device incur significant energy drains when using the cellular
radio interface for communication. This is mainly due to the radiotail,
where the cellular radio remains in a high energy state for up
to 20s after each communication spurt. In order to cut down energy
consumption, many recent devices employ fast dormancy, a feature
that forces the client radio to quickly go into a low energy state after
a fixed short idle period. However, aggressive idle timer values
for fast dormancy can increase signaling overhead due to frequent
state transitions, which negatively impacts the network. In this
work, we have designed and implemented RadioJockey, a system
that uses program execution traces to predict the end of communication
spurts, thereby accurately invoking fast dormancy without
increasing network signaling load. We evaluate RadioJockey on a
broad range of background applications and show that it achieves
20-40% energy savings with negligible increase in signaling overhead
compared to fixed idle timer-based approaches.
Can We Pay for What We Get in 3G Data Access?
Chiyu Li, and
Songwu Lu (University of California, Los Angeles, USA)
In 3G/4G cellular networks, data-plan subscribers are charged based on the used traffic volume. In this work,
we conduct experiments to assess both this usage-based accounting architecture and application-specific
charging policies by operators. Our evaluation basis is the user-centric tenet: We pay for what we get.
The results show that both domains may go wrong. In various scenarios, we are charged for what we never get,
and we can get what we want for free. In one case, we are charged for 450MB or more data despite receiving
no single bit. In another case, we demonstrate that we are able to transfer 100MB or any amount we specify for free.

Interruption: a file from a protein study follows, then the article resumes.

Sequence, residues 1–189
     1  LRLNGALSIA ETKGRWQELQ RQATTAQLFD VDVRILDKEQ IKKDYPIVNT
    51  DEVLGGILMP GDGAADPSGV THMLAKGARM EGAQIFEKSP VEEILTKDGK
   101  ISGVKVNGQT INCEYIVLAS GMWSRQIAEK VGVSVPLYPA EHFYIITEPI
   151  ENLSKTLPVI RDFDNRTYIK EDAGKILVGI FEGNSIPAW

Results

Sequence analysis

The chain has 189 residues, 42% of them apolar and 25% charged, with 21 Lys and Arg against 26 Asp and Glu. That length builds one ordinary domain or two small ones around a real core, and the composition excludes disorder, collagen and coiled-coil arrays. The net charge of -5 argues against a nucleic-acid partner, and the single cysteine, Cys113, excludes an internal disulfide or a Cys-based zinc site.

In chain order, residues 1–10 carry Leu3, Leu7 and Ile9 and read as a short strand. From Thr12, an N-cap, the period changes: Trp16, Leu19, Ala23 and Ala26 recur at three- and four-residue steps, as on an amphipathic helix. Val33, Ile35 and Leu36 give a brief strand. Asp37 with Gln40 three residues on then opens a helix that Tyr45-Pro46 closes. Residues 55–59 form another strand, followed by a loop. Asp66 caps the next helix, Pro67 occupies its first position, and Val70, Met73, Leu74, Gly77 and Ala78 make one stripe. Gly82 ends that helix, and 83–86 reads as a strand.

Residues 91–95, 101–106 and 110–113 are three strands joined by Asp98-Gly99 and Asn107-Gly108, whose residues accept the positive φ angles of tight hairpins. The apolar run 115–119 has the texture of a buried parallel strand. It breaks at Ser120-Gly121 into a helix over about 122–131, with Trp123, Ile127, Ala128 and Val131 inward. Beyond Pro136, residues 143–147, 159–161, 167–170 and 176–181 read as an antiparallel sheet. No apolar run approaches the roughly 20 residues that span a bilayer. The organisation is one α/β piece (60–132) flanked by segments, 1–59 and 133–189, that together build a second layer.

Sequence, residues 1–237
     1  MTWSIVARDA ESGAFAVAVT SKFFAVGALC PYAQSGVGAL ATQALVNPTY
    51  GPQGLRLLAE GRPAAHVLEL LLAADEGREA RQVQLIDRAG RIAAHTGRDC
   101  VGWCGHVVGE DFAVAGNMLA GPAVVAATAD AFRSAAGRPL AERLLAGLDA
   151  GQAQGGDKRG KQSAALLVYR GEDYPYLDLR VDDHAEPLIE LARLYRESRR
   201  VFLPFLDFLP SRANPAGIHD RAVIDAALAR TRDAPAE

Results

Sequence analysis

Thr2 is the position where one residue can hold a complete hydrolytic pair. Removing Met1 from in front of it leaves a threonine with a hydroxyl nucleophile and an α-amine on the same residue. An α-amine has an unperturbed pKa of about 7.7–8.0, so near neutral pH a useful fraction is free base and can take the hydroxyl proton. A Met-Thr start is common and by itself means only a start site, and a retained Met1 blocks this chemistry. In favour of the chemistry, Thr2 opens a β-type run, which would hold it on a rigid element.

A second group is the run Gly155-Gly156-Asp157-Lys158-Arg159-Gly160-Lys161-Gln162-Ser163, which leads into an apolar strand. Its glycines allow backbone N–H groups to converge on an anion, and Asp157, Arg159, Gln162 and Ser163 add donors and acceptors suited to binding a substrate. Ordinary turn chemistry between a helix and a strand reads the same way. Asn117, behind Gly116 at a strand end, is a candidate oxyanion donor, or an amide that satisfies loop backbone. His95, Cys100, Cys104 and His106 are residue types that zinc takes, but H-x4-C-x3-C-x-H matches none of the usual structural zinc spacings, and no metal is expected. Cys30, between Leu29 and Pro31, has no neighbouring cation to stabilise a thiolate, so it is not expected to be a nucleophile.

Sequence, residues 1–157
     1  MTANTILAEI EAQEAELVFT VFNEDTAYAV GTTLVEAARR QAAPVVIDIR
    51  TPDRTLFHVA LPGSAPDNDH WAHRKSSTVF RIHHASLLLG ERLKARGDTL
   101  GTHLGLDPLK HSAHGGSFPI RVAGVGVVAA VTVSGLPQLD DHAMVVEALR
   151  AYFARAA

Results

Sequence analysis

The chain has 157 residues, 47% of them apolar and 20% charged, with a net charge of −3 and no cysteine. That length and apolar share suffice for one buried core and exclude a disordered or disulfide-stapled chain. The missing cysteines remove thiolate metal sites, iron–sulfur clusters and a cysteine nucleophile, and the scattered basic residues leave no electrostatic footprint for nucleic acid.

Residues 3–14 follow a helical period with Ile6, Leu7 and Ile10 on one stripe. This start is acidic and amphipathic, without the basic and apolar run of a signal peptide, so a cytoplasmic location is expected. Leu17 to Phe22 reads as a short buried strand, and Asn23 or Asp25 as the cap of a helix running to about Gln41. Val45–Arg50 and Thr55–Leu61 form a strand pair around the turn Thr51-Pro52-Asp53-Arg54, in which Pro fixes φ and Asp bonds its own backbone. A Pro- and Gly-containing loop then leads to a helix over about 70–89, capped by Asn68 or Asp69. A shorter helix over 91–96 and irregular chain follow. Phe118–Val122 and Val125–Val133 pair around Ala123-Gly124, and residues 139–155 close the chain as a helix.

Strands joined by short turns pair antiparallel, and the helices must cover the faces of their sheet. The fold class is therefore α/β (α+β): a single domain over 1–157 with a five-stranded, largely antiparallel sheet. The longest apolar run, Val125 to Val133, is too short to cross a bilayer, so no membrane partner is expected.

The root causes lie in both the element-based (rather than end-to-end) accounting architecture and less
prudent policy enforcement by operators.
We make recommendations to remedy these unintended accounting actions.
CloudIQ: A Framework for Processing Base Stations in a Data Center,
Shoban Preeth Chandrabose, and
Manjunath Kashyap Jataprolu (Alcatel-Lucent Bell Labs);
Gautam Kumar (University of California, Berkeley, USA);
Vikram Srinivasan, and
Thomas Woo (Alcatel-Lucent Bell Labs)
The cellular industry is evaluating architectures to distribute the signal processing in radio access networks.
One of the options is to carry out the processing of all base stations on a shared pool of compute resources
in a central location. In this centralized architecture, the existing base stations will be replaced with
just the antennas and a few other active RF components, and the remainder of the digital processing including
the physical layer will be carried out in a central location. This model has potential benefits
that include a reduction in the cost of operating the network due to fewer site visits, easy upgrades,
and lower site lease costs, and an improvement in the network performance with joint signal processing
techniques that span multiple base stations. Further there is a potential to reduce the number of hardware
resources required to process the base stations by exploiting the variations in the processing load across
base stations, which is the focus of this paper.
Specifically, we make the following contributions in the paper. Based on real-world data,
we characterise the potential savings if shared homogeneous compute resources are used to process
the signals from multiple base stations in the centralized architecture. We show that the centralized architecture
can potentially result in savings of at least 22 % in compute resources by exploiting the variations
in the processing load across base stations. These savings are achievable with statistical guarantees on successfully
processing the base station's signals. We also design a framework that has two objectives:
(i) partitioning the set of base stations into groups that are simultaneously processed on a shared homogeneous
compute platform for a given statistical guarantee,
and (ii) scheduling the set of base stations allocated to a platform in order
to meet their real-time processing requirements. This partitioning and scheduling framework saves up